Microorganisms play an essential role in the recycling of various elements. The carbon, nitrogen and sulfur cycles are well known, but biochemical cycles of heavy metals also occur in the aquatic and terrestrial environment. In the case of the microbial methylation of metals, a lot of studies have been performed, but these have largely focussed on aquatic systems. A well-studied example is the methylation of mercury. The accident in the 1950 in Minamata, Japan, prompted intense research into the influence of organic mercury in humans (Ekino et al. 2007). On the other hand, biomethylation pathways also generated special interest after the accident. In the following years, many studies provided information on alkylation mechanisms (Mason et al. 1995a-c) and the mercury cycle. These investigations led to detailed knowledge of bioaccumulation in aquatic invertebrates and in fish (Westoo 1966; Mason et al. 2000; Hightower and Moore 2003). As well as mercury, other metals such as bismuth and metalloids like arsenic or selenium have also become targets for biomethylation research. There is special interest in selenium because it is essential (in small amounts) to proper functioning in living organisms (Rotruck et al. 1973). In contrast to the aquatic pathways of alkylation, data on alkylation pathways in terrestrial ecosystems and their organisms are scarce. Just like in aquatic systems, microorganisms like bacteria and fungi are mainly responsible for the alkylation of metals and also their biochemical pathways in terrestrial habitats. Cobalamin is involved in the transfer of methyl groups to inorganic mercury (Bertilsson and Neujahr 1971; Choi and Bartha 1993). In the case of arsenic and selenium, the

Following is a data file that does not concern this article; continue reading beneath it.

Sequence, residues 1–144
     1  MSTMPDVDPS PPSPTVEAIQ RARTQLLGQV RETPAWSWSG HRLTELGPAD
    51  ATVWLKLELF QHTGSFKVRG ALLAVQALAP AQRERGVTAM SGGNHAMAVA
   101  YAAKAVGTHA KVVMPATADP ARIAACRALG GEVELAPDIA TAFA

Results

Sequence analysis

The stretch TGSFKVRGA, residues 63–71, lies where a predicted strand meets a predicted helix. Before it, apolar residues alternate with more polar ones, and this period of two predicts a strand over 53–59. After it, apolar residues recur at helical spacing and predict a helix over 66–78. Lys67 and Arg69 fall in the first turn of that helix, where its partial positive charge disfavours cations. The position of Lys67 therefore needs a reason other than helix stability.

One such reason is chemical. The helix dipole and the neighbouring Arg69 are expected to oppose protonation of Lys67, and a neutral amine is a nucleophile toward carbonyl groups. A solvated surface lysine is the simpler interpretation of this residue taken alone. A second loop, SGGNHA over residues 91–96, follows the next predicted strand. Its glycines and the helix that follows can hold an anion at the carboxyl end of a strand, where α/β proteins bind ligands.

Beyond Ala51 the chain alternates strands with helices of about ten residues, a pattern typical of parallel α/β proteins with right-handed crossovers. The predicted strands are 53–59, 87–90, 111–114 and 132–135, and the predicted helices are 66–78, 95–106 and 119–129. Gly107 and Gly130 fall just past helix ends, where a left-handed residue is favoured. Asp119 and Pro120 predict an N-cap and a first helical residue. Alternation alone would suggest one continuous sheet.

Institute of Microbiology and Wine Research, Johannes Gutenberg-University,

Becherweg 15, 55099, Mainz, Germany e-mail: [email protected]; hkö[email protected]

This article is dedicated to Prof. Dr. Ajit Varma on the occasion of his 70th birthday.

I. Sherameti and A. Varma (eds.), Soil Heavy Metals, Soil Biology, Vol 19, DOI 10.1007/978-3-642-02436-8_14, © Springer-Verlag Berlin Heidelberg 2010

methylation is achieved by S-adenosylmethionine (Challenger 1945). Another possible biochemical pathway for methyl group transfer was postulated by Choi et al. 1994. In this work, it was demonstrated that the methyl group is transferred to mercury in Desulfovibrio desulfuricans strain LS by methyltetrahydrofolate via methylcobalamin.

Besides methylating metals, a few microorganisms are also able to reduce them (Lloyd et al. 2003). In the case of mercury, for example, some species of bacteria can reduce Hg2+ to nontoxic, volatile, elemental mercury. A gene called the mer gene is linked to this reaction. This ability exhibited by a few species of mercury-resistant bacteria is used for the bioremediation of mercury-contaminated soil, and also as biosensors that are used to monitor heavy metals (Bontidean et al. 2002; Lloyd and Lovley 2001).

Recently, the biomethylation of terrestrial microbial flora has been investigated in more depth. For example, Hirner et al. (2000) and Meyer et al. (2007) studied soil samples with different origins and degrees of contamination for their metal alkylation potentials. Recently, Raposo et al. (2008) demonstrated a relationship between the alkylation of mercury and microbiological activity in soil samples. However, there is still a lot of work to be done before we can fully comprehend the terrestrial alkylation pathways of metals.

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